Game theory: an innovative way to protect biomedical data against hackers | technology

Game theory, which seeks to predict how competitors ‘behavior affects the choices other players make, can help researchers find the best ways to share biomedical data with the ability to anonymize the people sharing hackers’ data.

Modern biomedical research, such as the National COVID Cohort Collaborative and the Personal Genome Project, require large amounts of data on individuals.

Making detailed datasets available to the public without violating anyone’s privacy is a critical challenge for such projects.

To do this, many programs that collect genomic data hide and publish personal information in data that can be exploited to re-identify subjects. However, the remaining data can be used to track personal information from other sources, which can be linked to biomedical data to discover people’s identities.

For example, comparing a person’s DNA data with public genealogical databases such as Ancestry.com can sometimes lead to a person’s surname, which can be used with demographic data to trace a person’s identity via search engines or by online public records sites like PeopleFinders.

A research group at the Center for Genetic Privacy and Identity in Community Institutions has developed methods to help evaluate and mitigate privacy risks in sharing biomedical data.

Research group methods can be used to protect different types of data, such as personal demographics or genome order, from attacks on anonymity.

Research group methods can be used to protect different types of data, such as personal demographics or genome sequences, from attacks on anonymity (Getty Images)

Leaders and followers model

The group’s latest model uses the Leaders and Followers game to model the interactions between a data subject and a potentially harmful data user.

In this model, the data subject moves first, decides which data to share, and then moves the opponent and decides whether to attack based on the shared data.

Using game theory to evaluate data sharing approaches involves evaluating each strategy and its impact on both the privacy and value of the data shared. Strategies include balancing the leaving or withholding of pieces of data to protect identities and keep the data as useful as possible.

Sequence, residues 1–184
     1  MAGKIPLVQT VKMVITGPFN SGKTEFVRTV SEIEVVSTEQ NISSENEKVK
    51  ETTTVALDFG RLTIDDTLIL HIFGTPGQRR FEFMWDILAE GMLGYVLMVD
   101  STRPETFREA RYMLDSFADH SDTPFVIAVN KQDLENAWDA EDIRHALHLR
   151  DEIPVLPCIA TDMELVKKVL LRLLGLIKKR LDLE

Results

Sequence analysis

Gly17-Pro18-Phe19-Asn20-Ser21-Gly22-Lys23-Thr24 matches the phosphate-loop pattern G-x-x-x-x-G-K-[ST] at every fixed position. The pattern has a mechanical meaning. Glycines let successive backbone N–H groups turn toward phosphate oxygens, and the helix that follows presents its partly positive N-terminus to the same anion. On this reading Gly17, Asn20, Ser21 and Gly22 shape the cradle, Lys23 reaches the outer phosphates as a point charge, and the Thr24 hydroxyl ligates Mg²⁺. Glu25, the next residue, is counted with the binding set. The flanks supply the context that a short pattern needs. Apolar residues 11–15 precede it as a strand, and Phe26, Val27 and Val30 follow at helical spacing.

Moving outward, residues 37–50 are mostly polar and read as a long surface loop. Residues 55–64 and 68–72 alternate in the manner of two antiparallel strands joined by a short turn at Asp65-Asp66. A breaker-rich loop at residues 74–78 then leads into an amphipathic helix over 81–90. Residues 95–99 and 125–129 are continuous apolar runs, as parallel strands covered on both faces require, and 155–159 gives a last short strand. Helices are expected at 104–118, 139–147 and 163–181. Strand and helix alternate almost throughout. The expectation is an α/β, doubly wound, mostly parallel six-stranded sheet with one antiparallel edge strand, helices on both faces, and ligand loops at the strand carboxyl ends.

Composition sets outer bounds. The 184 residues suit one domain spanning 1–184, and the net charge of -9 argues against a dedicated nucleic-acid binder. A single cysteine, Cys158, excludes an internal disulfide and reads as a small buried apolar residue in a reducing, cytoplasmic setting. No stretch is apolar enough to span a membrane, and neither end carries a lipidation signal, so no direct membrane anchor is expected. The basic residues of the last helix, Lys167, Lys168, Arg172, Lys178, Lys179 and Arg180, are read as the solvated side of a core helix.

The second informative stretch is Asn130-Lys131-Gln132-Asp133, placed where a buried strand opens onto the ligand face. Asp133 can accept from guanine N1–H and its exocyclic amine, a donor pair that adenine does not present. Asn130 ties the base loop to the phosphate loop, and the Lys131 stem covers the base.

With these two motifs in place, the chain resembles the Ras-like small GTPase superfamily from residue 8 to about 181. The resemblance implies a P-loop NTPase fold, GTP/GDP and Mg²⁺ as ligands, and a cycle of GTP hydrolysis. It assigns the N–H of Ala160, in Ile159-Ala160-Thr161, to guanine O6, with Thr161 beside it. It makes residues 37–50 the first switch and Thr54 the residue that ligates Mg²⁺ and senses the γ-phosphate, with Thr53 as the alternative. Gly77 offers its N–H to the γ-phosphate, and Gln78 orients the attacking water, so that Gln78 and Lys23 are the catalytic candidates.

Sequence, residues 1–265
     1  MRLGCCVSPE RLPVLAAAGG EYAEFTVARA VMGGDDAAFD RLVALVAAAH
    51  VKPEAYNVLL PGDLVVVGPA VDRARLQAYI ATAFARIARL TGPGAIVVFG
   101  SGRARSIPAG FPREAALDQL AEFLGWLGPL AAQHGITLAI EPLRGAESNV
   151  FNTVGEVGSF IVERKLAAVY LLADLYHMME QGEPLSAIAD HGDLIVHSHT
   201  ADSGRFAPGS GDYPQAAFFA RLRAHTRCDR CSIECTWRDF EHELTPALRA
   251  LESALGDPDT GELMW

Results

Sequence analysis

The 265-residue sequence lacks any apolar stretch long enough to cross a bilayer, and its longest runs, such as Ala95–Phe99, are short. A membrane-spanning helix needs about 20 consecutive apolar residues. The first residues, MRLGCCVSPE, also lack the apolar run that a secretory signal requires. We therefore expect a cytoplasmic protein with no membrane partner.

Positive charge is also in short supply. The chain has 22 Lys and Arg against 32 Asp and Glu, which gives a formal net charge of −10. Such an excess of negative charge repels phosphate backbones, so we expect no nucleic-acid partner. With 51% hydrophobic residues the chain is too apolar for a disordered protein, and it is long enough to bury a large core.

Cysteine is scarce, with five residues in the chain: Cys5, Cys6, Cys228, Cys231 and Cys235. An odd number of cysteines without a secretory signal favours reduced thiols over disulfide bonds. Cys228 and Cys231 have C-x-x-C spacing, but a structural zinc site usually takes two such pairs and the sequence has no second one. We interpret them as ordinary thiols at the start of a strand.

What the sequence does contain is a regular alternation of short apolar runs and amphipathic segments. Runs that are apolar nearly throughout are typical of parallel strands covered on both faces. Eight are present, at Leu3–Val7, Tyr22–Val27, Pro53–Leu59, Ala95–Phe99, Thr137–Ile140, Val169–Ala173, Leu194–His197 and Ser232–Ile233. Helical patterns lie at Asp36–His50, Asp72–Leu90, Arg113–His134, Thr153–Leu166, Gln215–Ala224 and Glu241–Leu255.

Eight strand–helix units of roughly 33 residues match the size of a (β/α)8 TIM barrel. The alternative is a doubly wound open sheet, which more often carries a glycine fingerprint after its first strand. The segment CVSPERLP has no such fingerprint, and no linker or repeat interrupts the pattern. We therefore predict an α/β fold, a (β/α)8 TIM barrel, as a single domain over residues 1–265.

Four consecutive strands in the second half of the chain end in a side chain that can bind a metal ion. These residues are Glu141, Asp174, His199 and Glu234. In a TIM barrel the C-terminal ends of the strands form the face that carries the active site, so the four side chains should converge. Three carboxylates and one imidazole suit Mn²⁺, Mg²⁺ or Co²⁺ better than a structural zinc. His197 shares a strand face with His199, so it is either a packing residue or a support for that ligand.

An optimal data subject strategy allows the most data to be shared with the least risk. However, it is challenging to find the optimal strategy because genome sequencing data has many dimensions, making it impractical to fully research all possible data sharing strategies.

To overcome this problem, the research team has developed algorithms that focus on a small subset of strategies that are most likely to contain the optimal strategy. This method has proven its effectiveness by achieving the benefit of sharing data with the public and the privacy of the data subject.

Why is this important?

The worst case scenario is where the attacker has unlimited capabilities and does not care about financial losses, which is often highly unlikely. However, data managers sometimes focus on these scenarios, which can lead to them overestimating the risks of re-identification and, for security reasons, sharing much less data than they can.

The goal is to create a structured approach to thinking about risks that also explains the value of shared data. A game-based approach not only provides a more realistic estimate of the risks of re-identification, but also discovers strategies for sharing data that can strike the right balance between utility and privacy.

Data managers use encryption techniques to protect biomedical data (Getty Images)

What other research is being done?

Data managers use encryption techniques to protect essential medical data. Other methods include adding noise to the data and masking partial data.

This work builds on a previous study, which pioneered the use of game theory to assess the risks of re-identification within health data and protection against identity attacks on genetic data.

The present study is the first to look at an attack in which an attacker can access multiple resources and combine them in an incremental way.

What’s next?

The research group is now expanding its game-based approach to modeling player uncertainty and rationality. It also works for computer environments that consist of multiple data providers and multiple types of data receivers.

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